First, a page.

3ld and noted 
School palliol- 
'Jea. 

.. ...V mber of Beta 

Theta Pi. was Ihe son of Mr, and 
Mrs. Millard Romaine of 3726 
Davenant A\e., Cincinnati. Ohio. 



April Draft Test 
Applications Due 
Before March 10 

Gen. Hershey Announces 
Student Opportunities 
For Draft Deferment 

Wednesday. Feb. 20~-In a let- 
ter released by the Selective Ser- 
vice Examining Section it was 
announced that all eligible stu- 
dents who intend to take the Col- 
lege Qualification Test in 19,')2 
should file applications al once for 
the April 24 examination. 

Following the Instructions of the 
bulletin, which can be obtained 
at the Student Aid Office, the 
student should fill out his ap- 
phcaiion and mall it no later than 
midnight, March 10. It was point- 
ed out that early filing will be to 
the .student's advantage. 

Kesults to Local Board 

Results will be reimrted to the 
student's local board for use in 
con.slderlng his deferment, accord- 
ing to Ihe Educational Testing 
Service, which prepares and ad- 
ministers the tests. 

Previously. Ma.lor Qen. Hershey, 
Director of Selective Service, an- 
nounced that under exI.stiiiR reg- 



.SaMiiday. 1-eb l(i -Attrattuil; 
three 1)1 tile top .ski teams m the 
couuny. the Williams Winter Car- 
nival scorned the .snowless wastes 
of VV.Uiamstown and took to the 
Slope- 1,1 Mount Greylock and 
OoiKii-i: Hollow, The best in ,ski 
thrills awaited the comparatively 
few specuilois who braved the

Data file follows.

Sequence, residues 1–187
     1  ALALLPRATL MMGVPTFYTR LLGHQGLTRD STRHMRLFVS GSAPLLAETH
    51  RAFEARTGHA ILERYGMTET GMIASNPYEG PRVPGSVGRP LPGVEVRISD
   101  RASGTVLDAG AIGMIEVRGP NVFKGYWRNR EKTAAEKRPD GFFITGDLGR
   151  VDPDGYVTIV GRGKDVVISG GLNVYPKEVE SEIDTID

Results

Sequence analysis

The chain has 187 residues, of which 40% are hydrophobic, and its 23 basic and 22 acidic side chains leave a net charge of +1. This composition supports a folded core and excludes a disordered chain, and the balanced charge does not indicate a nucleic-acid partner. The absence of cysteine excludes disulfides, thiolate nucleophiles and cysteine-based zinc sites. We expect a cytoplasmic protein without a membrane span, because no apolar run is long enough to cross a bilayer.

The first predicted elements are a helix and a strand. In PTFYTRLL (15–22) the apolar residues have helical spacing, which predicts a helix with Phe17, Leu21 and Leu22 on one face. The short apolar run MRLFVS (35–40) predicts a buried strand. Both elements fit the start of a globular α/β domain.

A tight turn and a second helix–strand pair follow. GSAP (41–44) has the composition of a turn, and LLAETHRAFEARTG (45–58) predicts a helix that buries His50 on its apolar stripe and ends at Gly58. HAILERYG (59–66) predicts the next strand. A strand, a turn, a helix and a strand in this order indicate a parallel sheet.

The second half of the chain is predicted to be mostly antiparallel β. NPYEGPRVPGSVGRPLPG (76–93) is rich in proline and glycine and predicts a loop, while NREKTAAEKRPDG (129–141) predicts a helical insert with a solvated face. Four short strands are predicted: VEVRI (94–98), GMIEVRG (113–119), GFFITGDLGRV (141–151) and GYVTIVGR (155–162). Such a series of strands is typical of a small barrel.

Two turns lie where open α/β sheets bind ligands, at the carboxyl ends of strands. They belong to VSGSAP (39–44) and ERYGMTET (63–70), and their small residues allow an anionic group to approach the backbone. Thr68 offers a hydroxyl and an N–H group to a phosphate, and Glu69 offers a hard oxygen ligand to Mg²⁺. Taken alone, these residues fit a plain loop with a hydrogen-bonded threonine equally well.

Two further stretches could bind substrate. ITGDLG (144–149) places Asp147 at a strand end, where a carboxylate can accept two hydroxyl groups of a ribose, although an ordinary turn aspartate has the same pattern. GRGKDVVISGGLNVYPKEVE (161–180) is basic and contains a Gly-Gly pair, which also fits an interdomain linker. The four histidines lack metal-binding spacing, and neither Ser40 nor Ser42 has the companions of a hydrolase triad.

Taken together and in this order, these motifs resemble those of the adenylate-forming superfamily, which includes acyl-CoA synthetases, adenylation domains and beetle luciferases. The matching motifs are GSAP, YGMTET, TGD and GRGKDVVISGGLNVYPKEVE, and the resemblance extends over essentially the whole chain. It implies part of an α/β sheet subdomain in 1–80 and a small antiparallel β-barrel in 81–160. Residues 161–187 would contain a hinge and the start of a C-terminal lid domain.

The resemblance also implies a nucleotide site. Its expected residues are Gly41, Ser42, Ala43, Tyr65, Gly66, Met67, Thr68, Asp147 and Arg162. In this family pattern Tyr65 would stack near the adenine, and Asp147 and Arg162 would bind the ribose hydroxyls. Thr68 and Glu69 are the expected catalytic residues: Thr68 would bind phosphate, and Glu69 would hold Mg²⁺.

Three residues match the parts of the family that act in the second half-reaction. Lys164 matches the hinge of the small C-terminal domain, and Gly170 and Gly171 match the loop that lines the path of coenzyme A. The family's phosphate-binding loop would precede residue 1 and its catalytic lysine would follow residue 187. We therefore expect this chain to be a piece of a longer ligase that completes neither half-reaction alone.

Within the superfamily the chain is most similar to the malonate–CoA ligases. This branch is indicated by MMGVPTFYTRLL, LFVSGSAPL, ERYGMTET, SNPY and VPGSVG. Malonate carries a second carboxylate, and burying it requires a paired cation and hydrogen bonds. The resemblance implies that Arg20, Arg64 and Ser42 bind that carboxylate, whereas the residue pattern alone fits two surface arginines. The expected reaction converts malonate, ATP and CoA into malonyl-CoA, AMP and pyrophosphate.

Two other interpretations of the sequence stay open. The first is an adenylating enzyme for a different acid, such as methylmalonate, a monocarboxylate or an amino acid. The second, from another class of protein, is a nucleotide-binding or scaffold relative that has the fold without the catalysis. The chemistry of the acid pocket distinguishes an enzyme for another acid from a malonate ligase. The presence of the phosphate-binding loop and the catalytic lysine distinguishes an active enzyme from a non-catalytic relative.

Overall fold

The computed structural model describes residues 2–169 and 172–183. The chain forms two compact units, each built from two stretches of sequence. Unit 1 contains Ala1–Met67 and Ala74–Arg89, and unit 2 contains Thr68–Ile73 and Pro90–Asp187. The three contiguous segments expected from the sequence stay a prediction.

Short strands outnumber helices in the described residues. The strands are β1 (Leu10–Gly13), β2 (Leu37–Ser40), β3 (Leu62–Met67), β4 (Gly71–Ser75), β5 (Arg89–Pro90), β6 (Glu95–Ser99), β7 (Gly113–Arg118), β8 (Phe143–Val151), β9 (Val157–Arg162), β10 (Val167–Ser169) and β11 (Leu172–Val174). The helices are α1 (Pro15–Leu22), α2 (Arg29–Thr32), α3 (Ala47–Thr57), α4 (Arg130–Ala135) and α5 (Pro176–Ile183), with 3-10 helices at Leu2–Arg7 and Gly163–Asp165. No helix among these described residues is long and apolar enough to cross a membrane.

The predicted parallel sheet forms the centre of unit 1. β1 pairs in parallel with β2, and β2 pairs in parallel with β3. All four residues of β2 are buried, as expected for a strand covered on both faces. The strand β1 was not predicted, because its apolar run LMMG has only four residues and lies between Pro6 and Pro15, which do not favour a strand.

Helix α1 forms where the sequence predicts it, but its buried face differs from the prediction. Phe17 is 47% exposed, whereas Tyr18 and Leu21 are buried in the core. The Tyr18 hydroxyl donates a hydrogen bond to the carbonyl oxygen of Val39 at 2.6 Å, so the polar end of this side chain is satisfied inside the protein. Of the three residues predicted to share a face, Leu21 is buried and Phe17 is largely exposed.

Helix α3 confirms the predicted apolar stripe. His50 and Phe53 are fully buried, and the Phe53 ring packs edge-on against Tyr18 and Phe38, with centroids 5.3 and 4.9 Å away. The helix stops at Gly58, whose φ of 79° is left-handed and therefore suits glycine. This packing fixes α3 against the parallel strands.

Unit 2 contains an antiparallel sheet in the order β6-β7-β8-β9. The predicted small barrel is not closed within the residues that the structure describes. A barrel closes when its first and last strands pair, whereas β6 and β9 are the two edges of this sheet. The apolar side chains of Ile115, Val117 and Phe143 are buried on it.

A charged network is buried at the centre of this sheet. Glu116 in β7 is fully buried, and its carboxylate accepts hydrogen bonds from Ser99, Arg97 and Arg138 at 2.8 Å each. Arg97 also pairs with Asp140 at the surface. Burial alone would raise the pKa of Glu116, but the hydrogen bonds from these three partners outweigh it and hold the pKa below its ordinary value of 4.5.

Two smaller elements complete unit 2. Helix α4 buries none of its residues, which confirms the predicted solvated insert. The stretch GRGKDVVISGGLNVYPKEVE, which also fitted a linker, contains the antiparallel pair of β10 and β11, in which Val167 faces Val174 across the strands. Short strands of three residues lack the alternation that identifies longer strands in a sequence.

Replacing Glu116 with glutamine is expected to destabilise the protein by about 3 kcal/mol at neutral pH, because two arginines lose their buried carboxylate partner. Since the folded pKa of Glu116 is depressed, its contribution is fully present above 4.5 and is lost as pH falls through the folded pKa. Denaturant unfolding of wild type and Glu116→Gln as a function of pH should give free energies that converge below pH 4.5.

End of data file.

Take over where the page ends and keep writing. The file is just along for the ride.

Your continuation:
ivikl and the rlimb to watth the 
eveijis 'i-he team title finally 
iMi.' Ill .Middlebury after a nip 
aiKi tuck battle with Dartmouth. 
ll.e winner's captain. Dick Ire- 
land, won Saturday's .lumping to 
^ive his team the margin of vic- 
tor.-, over the Indians - 587.63 
lu :ia4 33 Ireland, who al.so plac- 
ed sixth m the downhill and 
se\i nth ill the slalom, received the 
COM ted Williams Skimeister Tro- 
p||.^ for uie besi individual show- 
.111 over the two day competition 
Collins .Stars 
Willuiiiis repealed and po.ssibly 
I'xceeded its fifine showing at tlie 
Dartmouth Carnival last week, 
lops ul Ihe class B teams, tlie 
Ephmeii scored heavily in the 
downhill, placing third, ahead of 
such powerful competitors as New 
H,.mpshlre and Bowdoln. 

Ned Collins '52 was the indivi- 
dual star for tlie host team. He 
placed seventh in the downhill, 
fourteenth in the slalom, and 
ninth in tl.e .lumping. Slu Chase 
and Pete Callahan m the slalom 
and Doug Wilson. Bob Tucker, and 
Joe Foole in the cro.ss country 
were al.so .nitstaiidini; for the 
Ephs. 

Burden Coinhinecl Winner 
Doug Btirdm of ^hddlebuly. 
winner of buih the downhill and 
the slalom tlir previous week, was 
forced to bi rn; tent with seconds 
this lime. I'Mwui!; to Klrby of 
Dartmouth .;, ihe former and to 
team-mate Gale Shaw in the lat- 
ter. Burden .uid Shaw were one- 
two in the .Mpiiie combined. 

After talhiii; behind Middlebury 
in Fiiday'.s event.s. Dartmouth 
staged a slruiiL: conreback in the